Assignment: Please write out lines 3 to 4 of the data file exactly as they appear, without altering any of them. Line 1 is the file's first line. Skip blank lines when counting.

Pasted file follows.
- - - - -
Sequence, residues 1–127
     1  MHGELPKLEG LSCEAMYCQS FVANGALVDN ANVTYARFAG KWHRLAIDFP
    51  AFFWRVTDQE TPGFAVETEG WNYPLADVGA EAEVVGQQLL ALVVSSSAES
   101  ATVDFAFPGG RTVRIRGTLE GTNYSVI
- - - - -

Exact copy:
    51  AFFWRVTDQE TPGFAVETEG WNYPLADVGA EAEVVGQQLL ALVVSSSAES
   101  ATVDFAFPGG RTVRIRGTLE GTNYSVI